But their V8 engines left an indelible mark with a roar unfamiliar to many European fans and media. Their celebrated response mirrored the spellbound reaction to the throaty rumble of last year’s Camaro.

“We had headlines in the paper,” Donlavey said. “They called our cars, ‘The Le Monster.’ “

The No. 4 Dodge Charger certainly stood out to the Le Mans crowd.

His Le Mans outing is among many ways that the late team owner touched NASCAR despite a career with only one victory in 863 Cup starts from 1950-2002.

Sunday, June 9, marked 10 years since the passing of Donlavey (who would have been 100 in April), but his presence still is felt.

Next February, Ricky Rudd will be inducted into the NASCAR Hall of Fame in another reminder of Donlavey’s impact on developing stars. Rudd ran the 1979 season for Donlavey, and the 22-year-old turned enough heads to help land a full-time ride at DiGard Racing.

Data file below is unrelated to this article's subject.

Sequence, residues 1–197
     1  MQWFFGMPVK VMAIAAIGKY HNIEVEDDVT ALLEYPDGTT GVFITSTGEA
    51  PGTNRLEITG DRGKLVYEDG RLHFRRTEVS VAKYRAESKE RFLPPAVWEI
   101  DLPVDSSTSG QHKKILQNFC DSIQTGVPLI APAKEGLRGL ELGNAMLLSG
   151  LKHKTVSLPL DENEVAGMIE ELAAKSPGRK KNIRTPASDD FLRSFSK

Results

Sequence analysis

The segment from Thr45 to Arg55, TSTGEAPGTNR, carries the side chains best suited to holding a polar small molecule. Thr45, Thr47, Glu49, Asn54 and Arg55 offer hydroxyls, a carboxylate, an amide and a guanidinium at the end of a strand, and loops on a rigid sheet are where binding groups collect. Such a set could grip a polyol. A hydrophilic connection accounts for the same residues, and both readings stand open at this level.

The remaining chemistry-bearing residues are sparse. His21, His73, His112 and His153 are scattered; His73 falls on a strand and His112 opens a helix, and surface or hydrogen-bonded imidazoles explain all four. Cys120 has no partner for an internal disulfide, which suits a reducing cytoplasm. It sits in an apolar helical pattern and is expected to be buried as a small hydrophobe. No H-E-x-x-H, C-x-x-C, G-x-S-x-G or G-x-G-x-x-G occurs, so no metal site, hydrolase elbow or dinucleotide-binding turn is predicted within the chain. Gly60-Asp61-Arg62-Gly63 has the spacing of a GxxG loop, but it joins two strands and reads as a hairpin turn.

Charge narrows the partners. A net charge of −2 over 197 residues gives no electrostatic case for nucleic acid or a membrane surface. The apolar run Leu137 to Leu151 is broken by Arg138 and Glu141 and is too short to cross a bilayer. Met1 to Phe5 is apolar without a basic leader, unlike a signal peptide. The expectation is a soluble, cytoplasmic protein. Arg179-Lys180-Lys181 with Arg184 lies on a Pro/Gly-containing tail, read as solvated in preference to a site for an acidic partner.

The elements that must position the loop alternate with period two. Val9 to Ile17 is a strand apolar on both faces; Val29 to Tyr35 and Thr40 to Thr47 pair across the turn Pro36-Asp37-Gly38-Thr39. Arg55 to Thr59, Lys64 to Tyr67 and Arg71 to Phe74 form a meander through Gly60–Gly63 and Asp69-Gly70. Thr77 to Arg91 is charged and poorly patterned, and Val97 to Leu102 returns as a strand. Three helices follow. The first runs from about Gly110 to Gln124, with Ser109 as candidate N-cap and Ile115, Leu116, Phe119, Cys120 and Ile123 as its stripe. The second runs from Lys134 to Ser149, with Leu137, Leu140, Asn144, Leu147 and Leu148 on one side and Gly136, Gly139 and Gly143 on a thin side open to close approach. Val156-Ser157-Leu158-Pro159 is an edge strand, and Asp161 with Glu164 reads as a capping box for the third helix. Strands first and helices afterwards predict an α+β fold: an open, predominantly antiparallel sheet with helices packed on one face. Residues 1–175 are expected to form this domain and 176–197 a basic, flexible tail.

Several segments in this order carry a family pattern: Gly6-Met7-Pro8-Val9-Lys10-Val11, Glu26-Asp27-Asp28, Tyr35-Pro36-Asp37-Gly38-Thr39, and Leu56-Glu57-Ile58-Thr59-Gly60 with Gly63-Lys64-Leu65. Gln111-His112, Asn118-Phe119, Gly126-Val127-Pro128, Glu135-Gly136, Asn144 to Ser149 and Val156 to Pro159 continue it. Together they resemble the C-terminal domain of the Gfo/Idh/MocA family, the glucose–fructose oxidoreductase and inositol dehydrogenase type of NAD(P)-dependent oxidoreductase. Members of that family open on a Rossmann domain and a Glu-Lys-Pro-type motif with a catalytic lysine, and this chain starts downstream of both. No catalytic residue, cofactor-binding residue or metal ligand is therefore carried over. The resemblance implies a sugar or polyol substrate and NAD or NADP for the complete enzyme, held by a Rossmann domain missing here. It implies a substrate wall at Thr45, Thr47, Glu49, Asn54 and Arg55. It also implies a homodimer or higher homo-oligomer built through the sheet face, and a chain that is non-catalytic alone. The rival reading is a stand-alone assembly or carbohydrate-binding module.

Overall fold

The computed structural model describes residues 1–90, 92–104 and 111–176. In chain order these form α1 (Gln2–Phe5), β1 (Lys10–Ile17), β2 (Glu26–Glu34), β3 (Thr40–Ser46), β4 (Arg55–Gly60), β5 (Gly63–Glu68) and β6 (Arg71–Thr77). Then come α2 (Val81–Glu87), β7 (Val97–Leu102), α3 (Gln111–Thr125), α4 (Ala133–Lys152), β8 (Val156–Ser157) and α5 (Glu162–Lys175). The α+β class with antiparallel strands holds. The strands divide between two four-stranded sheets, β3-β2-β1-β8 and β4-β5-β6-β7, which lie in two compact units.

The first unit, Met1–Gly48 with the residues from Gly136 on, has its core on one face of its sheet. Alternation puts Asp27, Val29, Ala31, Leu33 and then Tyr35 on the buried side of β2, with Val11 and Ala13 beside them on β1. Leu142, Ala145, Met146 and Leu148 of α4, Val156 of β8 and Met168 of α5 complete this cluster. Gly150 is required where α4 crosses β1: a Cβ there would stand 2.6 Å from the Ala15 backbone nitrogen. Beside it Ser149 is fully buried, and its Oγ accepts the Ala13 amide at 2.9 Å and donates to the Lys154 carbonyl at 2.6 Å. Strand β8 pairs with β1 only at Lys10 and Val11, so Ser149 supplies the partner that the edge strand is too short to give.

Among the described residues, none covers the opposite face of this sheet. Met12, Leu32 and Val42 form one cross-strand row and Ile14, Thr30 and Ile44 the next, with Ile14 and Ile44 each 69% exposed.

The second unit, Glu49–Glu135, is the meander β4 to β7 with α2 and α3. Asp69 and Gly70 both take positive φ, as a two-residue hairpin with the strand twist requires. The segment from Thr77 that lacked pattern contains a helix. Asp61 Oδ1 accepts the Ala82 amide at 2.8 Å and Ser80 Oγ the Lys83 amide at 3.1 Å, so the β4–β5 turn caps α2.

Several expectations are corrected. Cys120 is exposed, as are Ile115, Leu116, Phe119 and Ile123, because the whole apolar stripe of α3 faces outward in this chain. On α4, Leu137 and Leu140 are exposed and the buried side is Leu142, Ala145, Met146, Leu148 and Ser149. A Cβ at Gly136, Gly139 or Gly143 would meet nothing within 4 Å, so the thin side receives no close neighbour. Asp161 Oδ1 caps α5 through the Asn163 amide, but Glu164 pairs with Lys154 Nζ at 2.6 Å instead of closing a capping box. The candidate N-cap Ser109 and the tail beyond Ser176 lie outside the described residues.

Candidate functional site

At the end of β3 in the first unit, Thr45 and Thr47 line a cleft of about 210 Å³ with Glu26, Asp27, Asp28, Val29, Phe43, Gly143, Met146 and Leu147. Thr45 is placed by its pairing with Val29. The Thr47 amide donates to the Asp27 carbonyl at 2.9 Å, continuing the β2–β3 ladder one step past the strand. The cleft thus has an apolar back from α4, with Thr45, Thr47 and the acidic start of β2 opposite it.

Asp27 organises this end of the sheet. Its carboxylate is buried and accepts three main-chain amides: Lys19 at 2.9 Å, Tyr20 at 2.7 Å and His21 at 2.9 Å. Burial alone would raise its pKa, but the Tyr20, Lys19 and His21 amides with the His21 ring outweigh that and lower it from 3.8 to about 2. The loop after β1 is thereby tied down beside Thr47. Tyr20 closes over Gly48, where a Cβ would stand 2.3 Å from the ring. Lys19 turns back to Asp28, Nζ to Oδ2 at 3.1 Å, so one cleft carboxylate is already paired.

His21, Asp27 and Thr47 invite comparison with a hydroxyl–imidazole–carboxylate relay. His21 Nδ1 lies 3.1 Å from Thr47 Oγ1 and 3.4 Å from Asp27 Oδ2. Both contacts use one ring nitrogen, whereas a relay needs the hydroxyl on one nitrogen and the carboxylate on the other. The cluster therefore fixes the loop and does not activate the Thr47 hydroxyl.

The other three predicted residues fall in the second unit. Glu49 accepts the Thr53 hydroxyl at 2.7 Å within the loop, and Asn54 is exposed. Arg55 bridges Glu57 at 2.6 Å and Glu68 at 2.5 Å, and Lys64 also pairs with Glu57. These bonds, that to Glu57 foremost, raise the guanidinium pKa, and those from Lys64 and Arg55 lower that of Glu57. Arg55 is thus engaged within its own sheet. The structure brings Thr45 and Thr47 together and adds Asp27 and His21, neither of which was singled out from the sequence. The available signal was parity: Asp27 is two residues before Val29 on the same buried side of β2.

MORE: 2025 Hall of Fame class revealed

“When he left us, he went straight on up,” Donlavey said of Rudd. “Kenny Schrader was the same way. One thing that puts fun in the game is if you have a rookie and watch him get better and better. That’s the payoff more than the money you get.”

Schrader was the 1985 Cup Rookie of the Year with Donlavey Racing, which also won the award in 1980 with Jody Ridley (who gave the No. 90 its only win the next year at Dover) and in 1970 with Bill Dennis, who was the team’s hometown star from Richmond. (With Dennis behind the wheel, Donlavey’s team won three consecutive Permatex 300 season openers from 1972-74 at Daytona in Late Model Sportsman, the precursor to the Xfinity Series.)